The old town name Shahri Kohna preserves much of its appearance with narrow streets within mud-brick houses. It is an impressive maze of alleys west of the main drag, Lenin, that links the bus station and bazaar. To get there, first, find the Timurid minaret (the tallest structure in the area), then simply walk into the streets and start exploring. Alleys soon disappear into the old town from the Hazrat-i-Shah Mosque and Mausoleum (Lenin 98), the town’s main Friday mosque.
Mug Teppa Fort
Mugh Taappa is the old citadel that used to be the residence of the Mug government, it lies on the hill overlooking the city. This site of the Sogdian fortress was stormed by Alexander the Great in 329 BC (there are faint remains in the northwest corner). The grand entry gate was constructed in 2002 for the Istaravshan’s 2500th-anniversary celebrations. A new restoration of one of the citadel’s ancient gateways dominates the site and, though it’s unlikely to be historically specific in its design. However historically more significant, are the mounds of earth in the corner of the site. Though they have more than a passing resemblance to builders’ rubble, they are all that remains of the Sogdian fortress attacked by Alexander. To get to the hill, take the road just north of the Istaravshan Hotel.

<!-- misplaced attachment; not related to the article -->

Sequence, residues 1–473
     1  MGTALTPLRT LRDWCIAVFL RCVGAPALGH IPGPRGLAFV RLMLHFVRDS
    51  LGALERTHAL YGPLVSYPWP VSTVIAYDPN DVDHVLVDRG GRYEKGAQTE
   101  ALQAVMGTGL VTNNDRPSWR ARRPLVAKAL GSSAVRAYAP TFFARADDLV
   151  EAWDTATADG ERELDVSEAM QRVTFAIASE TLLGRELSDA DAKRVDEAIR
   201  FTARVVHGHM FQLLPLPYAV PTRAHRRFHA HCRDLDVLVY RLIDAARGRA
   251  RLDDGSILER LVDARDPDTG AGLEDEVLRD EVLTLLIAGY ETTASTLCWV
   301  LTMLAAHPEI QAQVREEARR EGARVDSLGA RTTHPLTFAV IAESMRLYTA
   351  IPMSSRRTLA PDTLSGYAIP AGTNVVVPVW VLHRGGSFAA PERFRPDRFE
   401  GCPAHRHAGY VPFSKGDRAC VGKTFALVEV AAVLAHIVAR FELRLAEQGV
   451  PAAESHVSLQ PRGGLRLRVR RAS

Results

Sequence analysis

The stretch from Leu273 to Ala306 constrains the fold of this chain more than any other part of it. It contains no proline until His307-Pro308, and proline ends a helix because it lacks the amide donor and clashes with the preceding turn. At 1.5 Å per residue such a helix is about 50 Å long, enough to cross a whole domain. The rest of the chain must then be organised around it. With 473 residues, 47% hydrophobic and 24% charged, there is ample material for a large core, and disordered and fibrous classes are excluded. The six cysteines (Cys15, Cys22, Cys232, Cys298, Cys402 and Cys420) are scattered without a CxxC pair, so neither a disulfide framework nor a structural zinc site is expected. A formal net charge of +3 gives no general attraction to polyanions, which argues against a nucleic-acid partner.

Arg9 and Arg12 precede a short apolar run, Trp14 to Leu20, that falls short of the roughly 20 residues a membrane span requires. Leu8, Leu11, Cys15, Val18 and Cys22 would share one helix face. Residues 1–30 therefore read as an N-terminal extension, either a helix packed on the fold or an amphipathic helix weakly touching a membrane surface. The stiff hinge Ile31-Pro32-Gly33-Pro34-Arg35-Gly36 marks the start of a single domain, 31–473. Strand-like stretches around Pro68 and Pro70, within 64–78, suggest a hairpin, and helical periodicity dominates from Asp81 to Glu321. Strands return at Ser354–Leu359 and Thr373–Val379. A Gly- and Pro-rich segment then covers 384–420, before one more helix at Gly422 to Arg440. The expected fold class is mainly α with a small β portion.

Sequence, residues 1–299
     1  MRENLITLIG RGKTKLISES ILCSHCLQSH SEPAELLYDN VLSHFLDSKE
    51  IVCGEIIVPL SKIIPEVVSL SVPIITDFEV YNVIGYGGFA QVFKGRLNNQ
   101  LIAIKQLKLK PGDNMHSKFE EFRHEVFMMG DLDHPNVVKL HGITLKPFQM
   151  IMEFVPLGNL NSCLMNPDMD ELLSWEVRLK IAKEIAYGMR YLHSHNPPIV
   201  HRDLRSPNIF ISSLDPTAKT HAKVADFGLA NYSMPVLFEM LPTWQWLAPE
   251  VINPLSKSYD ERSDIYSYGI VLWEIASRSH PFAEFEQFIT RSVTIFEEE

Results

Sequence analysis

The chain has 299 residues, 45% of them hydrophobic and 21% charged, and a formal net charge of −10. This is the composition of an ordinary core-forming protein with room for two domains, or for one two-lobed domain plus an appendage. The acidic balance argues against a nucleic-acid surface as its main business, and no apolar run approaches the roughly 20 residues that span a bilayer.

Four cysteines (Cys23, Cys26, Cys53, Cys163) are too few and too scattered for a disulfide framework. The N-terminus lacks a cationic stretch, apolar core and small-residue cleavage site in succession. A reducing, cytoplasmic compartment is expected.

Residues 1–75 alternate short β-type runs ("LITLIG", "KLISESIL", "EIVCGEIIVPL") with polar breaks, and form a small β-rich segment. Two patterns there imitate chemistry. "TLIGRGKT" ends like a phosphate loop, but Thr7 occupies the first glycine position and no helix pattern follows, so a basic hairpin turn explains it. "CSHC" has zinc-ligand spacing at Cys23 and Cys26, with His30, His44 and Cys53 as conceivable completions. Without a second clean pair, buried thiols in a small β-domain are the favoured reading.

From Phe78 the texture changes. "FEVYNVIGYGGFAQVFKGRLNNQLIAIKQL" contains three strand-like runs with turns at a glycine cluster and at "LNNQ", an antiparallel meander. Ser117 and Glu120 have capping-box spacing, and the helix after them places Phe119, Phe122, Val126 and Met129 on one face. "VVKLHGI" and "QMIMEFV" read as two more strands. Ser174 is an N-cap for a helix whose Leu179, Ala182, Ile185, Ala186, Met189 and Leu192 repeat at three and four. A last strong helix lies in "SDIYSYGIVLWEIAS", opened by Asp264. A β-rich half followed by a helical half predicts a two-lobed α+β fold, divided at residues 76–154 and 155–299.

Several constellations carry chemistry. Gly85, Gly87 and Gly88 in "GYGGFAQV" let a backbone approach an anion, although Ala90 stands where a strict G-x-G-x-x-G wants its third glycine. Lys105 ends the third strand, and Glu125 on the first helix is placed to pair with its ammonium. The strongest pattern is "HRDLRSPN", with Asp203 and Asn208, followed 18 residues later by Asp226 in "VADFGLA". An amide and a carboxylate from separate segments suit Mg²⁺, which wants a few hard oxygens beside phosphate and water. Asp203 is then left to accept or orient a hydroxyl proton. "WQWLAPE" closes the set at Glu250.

Sari Mazar (Sar-i Mazor) a complex consist of three structures that date back to more than 500 years. There are two mausoleums from the 15th and 16th centuries. The first mausoleum is the Ajina Khona, which means the house of demons and an unusual name for a holy building. Coined by the Soviet’s name to scare away children from playing there. It is austere within, but the exterior has some intricate brickwork. The second mausoleum is Hazraji Mekhdoni Azam and his family. He was a nephew of Mir Saheed Hamadoni, whose mausoleum is in Kulob. It is plain within, although there are traces of Arabic and Farsi script on the walls. Outside is ornate with fine stonework and tiling. His tomb is there, with those of his wife, son and nephew. He was born in Khorezm, in modern Uzbekistan. He is reputed to have died while preaching, proving his closeness to God. The third old building is the Sar-i Mazor mosque, built in the 16th and 17th centuries, and has had some recent renovations. The four tin cupolas of the Mazar-i-Chor Gumbaz conceal Tajikistan’s most impressive painted ceilings. There is also a modern mosque, which can accommodate over a thousand worshippers. The money for the construction was all raised locally. The whole complex is set in splendidly maintained grounds, with some ancient trees considered to be 800 years old.